The Dark Side of IT: Cyber Warfare (pt. 2)


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It was a marksman’s job (New York Times, 2011)

Last time I finished my post with telling you about Stuxnet and I think the infographic was quite clear about its capabilities and the treat it poses. However, I want to highlight a few fundamental points here. Never before have we witnessed such a highly specialized and well planned digital attack on an industrial plant. The hardware of a nuclear facility was deliberately sabotaged using software.

So, Stuxnet was a game changer and I’m going to elaborate a little more on why that is. First of all Stuxnet did something completely new (not just one thing I by the way): it targeted industrial systems. To be more precise; it targeted Programmable Logistic Controllers (PLC’s) which are used to control industrial hardware like pumps and valves. These PLC’s also controlled the centrifuges in Iran and a man-in-the-middle attack allowed Stuxnet to alter the centrifuges without alarming the system. Making them break and leaving the operators clueless.

Next to the highly specific target, Stuxnet used over 20 zero day exploits in order to infect the PC’s connected to the PLC’s. This is a huge number, since these exploits are hard to find; they are vulnerabilities that are not yet known by the manufacturers of the software and therefor can do lots of damage (why do you think Windows updates so much…). Stuxnet also used several stolen certificates which let Windows to believe it was software to be trusted. Next to that it had the ability to spread itself through USB and LAN networks, so once in a facility it could expand to other systems without an Internet connection.

These examples indicate how large scale this operation was; it wasn’t just one hacker operating from his basement in downtown Rotterdam, it was probably state sponsored. A lot of clues point to the United States collaborating with Israel, since they had the best motive for this attack combined with the resources. For more on this debate read THIS interesting Wired article.

Sophisticated espionage toolkit (InformationWeek, 2012) 

Another big  game changer popped up this year and is dubbed Flame. This malware is not targeted destroying anything, instead it focuses on espionage. Its source code is even more complex (and large; over 20MB compared to 500KB of Stuxnet) than Stuxnet and acts as a complete espionage package. Once a system is infected, quite in the same way as with Stuxnet, it registers key strokes, monitors passwords, can take screenshots of what you are doing and it records your microphone or webcam without you noticing anything. Creepy huh? Check out this informative (but less nicely designed) movie about Flame.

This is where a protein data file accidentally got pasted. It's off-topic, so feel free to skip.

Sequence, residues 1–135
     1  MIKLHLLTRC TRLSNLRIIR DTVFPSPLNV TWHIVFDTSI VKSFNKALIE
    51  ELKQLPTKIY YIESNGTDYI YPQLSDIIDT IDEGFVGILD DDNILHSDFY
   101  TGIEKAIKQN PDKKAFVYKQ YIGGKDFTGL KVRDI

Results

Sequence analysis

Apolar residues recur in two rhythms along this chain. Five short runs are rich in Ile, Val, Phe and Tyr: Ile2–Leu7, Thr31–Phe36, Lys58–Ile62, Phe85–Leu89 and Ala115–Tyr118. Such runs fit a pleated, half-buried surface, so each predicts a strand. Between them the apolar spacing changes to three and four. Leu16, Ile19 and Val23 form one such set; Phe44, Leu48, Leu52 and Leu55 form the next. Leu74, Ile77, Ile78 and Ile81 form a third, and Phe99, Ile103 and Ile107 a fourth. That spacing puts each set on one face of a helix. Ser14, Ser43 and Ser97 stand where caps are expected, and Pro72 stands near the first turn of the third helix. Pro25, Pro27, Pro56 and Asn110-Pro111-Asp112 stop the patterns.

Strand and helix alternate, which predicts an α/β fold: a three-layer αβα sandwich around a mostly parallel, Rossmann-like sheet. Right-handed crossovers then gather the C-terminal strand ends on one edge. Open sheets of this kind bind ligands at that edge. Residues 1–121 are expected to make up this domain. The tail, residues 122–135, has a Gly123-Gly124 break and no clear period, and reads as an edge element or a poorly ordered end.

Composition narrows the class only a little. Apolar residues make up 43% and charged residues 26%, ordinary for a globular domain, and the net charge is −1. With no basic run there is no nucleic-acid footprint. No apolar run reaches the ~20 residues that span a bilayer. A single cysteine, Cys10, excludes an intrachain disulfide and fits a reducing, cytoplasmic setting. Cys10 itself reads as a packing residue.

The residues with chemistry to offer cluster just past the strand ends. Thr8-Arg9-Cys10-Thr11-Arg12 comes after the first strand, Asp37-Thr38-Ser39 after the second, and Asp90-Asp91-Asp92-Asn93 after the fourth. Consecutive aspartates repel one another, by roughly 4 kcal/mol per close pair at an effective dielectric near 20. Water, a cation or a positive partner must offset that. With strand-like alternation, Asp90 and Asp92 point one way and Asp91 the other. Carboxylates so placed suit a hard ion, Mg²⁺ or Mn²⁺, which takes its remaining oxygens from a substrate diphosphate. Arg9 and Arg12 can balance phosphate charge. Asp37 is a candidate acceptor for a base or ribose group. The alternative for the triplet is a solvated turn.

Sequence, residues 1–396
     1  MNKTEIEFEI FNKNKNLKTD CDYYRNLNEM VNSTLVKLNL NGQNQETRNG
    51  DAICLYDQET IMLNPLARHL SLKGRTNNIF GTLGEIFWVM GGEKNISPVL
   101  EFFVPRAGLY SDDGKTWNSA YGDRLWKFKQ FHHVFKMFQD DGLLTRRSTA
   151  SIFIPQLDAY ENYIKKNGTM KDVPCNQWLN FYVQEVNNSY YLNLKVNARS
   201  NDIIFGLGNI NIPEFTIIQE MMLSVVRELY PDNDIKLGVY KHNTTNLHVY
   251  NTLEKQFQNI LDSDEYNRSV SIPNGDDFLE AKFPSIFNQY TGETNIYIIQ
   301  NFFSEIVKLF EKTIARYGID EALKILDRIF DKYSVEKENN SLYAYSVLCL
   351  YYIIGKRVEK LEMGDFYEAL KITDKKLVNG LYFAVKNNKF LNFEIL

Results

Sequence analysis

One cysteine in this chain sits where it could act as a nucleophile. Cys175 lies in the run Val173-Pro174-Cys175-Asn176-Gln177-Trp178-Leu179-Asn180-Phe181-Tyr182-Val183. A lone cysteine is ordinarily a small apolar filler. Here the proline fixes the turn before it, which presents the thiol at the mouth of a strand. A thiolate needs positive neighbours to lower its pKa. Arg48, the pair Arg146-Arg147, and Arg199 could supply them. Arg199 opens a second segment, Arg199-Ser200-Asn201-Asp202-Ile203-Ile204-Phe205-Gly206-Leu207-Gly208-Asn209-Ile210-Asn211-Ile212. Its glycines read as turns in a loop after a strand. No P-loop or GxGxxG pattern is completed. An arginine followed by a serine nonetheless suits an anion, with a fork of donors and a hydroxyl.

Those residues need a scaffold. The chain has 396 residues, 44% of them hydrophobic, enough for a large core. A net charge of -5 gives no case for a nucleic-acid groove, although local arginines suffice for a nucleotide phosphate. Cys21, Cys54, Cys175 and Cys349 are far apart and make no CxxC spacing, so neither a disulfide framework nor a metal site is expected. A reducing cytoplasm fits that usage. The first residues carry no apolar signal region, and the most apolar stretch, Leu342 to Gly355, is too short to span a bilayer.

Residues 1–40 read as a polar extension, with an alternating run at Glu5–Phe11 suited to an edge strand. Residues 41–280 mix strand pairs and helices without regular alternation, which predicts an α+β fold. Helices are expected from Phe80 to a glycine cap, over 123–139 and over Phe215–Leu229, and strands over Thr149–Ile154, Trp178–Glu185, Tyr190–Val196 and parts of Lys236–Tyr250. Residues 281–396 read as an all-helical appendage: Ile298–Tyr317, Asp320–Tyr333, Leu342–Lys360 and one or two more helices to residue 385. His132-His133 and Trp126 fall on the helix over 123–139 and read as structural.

It has also been confirmed that Stuxnet and Flame authors worked together on their code. So like I said, only the tip of the iceberg. For those interested in more state sponsored malware and acts of cyber warfare, I suggest you look for ‘Gauss’, ‘Duqu’ and ‘MiniFlame’. The problem here is we do not know how much of this malware is already running and finding the malware is also really difficult. Stuxnet was out in the wild for over a year, Flame for over 3 years, before even being discovered (read more about why this is so difficult from one of my favorite security experts, Mikko Hypponen in Wired). Next to that the malware seems to be modular (the authors must have taken some classes of Innovation Management), which means that different modules like exploits can be used across multiple types of malware, making it really easy to develop new forms of malware for specific purposes.

So, what’s next? What kind of malware is already out there and yet to be discovered? Recently Dutch minister Ivo Opstelten proposed the Netherlands should also start hacking proactively, something other states seem to be doing for years. Are we too late? Makes me wonder where this cyber war will end… TBD I guess.

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About Robert Boerrigter

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  1. The Dark Side of IT: Cyber Warfare (pt. 1) | Information Strategy - September 10, 2013

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